Four journalists from Bahrain’s only opposition newspaper, Al Wasat, have pleaded not guilty to the charge of unethical coverage of the security forces’ crackdown on Shia-led opposition protests against the kingdom's Sunni rulers. The charges against Al Wasat’s journalists include not only “publishing fabricated news” but also “the intention of causing instability in Bahrain”, punishable by up to 2 years in jail. The million dinar question is not whether the Al Wasat journalists are guilty or innocent, but whether they would still have been accused of fabrications had the articles been coloured with a pro-government hue.
The original 14 February protest movement included demands for the prime minister to step down, for fair elections, and for equal rights for all - including an end to anti-Shia discrimination. The suppression of the protests came after the government imposed martial law and invited troops from Sunni-ruled neighbours Saudi Arabia and the Gulf Co-operation Council to help quell the unrest. Several journalists and photographers have already been detained over their coverage of the civil unrest, including one of the founders of Al Wasat, Karim Fakhrawi, who died in police custody a week after he was arrested on 5 April. Other individuals who have documented the unrest in a non-professional capacity have also been targeted, including online bloggers, microbloggers, forum administrators and moderators.
Al Wasat was ordered to stop printing in early April after being accused of falsifying six news articles. One example was an article concerning a Bahraini who claimed he had been assaulted by security forces, but the accompanying photograph allegedly showed a Moroccan assault in 2005. Al Wasat’s publishing ban was lifted following the resignation of 3 of its editors, all of whom are to be put on trial: Chief Editor, Mansoor al-Jamri; British Managing Editor, Walid Noueihed; and Head of Local News, Ageel Mirza. A fourth journalist, Ali Al-Sherify, was deported last month and will be tried in absentia.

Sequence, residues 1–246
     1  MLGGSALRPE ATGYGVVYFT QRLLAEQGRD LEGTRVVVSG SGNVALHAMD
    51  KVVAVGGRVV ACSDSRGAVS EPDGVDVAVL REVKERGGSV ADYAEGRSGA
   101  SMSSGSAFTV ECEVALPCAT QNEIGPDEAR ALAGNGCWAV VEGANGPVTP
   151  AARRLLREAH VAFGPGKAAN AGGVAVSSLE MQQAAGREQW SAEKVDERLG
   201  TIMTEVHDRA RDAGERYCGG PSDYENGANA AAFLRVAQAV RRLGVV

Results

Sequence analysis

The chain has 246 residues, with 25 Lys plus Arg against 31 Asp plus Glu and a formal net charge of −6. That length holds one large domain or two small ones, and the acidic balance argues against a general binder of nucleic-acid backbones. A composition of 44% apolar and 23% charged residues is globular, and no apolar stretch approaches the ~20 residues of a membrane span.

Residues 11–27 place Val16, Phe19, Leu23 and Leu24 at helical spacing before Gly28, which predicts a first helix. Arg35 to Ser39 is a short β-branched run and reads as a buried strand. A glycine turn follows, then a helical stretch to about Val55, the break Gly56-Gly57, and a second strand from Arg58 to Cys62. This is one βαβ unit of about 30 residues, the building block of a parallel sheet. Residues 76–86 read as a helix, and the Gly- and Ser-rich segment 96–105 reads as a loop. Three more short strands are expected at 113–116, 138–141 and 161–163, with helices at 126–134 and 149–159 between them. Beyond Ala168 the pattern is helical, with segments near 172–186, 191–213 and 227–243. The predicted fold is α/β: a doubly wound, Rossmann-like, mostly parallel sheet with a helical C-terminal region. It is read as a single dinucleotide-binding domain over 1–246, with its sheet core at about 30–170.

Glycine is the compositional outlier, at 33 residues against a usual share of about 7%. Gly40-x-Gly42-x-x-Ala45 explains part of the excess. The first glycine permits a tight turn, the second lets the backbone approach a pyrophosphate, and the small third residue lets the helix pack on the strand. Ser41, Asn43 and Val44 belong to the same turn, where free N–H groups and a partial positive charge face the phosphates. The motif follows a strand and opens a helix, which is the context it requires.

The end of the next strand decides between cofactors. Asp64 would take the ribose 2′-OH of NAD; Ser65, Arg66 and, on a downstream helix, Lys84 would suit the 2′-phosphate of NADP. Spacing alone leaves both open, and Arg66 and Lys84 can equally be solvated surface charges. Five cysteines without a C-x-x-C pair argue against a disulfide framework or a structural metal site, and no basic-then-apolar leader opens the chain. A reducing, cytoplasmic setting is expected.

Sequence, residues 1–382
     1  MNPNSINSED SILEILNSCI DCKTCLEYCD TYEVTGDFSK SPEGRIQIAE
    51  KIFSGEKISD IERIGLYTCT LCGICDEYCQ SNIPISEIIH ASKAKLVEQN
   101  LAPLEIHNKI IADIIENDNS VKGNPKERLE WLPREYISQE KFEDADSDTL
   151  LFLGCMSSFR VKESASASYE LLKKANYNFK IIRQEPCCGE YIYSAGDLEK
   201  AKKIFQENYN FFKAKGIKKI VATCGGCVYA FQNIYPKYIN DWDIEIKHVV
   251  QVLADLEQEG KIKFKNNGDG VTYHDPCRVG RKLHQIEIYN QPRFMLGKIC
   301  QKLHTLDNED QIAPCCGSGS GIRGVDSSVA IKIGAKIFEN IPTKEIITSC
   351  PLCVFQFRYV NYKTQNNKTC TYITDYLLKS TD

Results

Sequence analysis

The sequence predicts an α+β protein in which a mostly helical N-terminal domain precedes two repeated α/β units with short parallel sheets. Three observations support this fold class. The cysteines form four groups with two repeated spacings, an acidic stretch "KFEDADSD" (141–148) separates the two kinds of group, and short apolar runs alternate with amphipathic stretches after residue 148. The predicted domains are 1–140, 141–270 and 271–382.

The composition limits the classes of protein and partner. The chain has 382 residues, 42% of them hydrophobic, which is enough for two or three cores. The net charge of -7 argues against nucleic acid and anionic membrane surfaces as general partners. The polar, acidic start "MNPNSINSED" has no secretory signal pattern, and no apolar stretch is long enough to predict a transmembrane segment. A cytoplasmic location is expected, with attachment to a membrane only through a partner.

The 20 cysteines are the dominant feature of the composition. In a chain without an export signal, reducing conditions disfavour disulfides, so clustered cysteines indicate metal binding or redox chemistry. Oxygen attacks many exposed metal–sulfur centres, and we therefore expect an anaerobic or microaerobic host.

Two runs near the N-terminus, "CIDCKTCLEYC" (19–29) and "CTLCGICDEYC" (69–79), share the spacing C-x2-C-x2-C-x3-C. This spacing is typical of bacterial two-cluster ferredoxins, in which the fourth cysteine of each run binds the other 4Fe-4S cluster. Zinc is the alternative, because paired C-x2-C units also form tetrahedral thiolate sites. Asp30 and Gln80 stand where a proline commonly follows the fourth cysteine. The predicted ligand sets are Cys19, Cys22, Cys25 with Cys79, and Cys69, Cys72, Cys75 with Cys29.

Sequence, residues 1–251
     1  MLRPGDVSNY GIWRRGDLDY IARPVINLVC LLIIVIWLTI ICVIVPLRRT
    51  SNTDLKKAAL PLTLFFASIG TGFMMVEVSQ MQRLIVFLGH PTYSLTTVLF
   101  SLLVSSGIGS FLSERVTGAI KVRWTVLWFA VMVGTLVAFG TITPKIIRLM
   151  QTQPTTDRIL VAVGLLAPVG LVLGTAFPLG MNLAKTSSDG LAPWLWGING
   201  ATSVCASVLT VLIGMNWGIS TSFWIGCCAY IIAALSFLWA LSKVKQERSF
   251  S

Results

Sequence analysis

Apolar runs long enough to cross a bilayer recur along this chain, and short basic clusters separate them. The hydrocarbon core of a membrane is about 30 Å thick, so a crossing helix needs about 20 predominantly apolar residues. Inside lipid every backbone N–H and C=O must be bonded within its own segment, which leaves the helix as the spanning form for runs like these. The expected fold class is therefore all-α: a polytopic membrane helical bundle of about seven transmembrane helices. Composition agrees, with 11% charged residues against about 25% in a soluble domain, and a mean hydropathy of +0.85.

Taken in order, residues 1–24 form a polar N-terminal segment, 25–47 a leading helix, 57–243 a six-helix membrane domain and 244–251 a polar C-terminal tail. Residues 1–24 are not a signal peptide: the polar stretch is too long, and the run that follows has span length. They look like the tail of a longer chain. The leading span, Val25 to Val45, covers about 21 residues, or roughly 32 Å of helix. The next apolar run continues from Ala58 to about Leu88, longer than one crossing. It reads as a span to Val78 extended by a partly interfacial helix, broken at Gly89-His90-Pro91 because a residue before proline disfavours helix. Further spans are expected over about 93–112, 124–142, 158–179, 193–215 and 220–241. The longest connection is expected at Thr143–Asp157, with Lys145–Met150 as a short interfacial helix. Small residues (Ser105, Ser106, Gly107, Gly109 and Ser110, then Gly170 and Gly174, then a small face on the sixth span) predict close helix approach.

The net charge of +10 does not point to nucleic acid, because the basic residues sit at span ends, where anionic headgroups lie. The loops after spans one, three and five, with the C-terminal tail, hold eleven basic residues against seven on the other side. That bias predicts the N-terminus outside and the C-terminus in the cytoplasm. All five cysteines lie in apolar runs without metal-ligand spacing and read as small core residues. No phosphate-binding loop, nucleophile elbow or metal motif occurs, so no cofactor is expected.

Former Chief Editor, Mansoor al-Jamri, has acknowledged that six false articles did appear in Al Wasat - yet claims that the articles were not a case of genuine mistakes being made, but rather that Al Wasat was purposely targeted by an external campaign to plant misinformation. Jamri claims the false information was emailed to the Al Wasat complete with fake phone numbers, but slipped past editing checks due to weak infrastructure following an attack on the newspaper's printing offices in mid March by mobs armed with clubs and butcher knives. Jamri has voiced the possibility of a double agent planted in Al Wasat to spread fabrications. The case has been adjourned until June 15 to give defence lawyers time to review the prosecution’s evidence.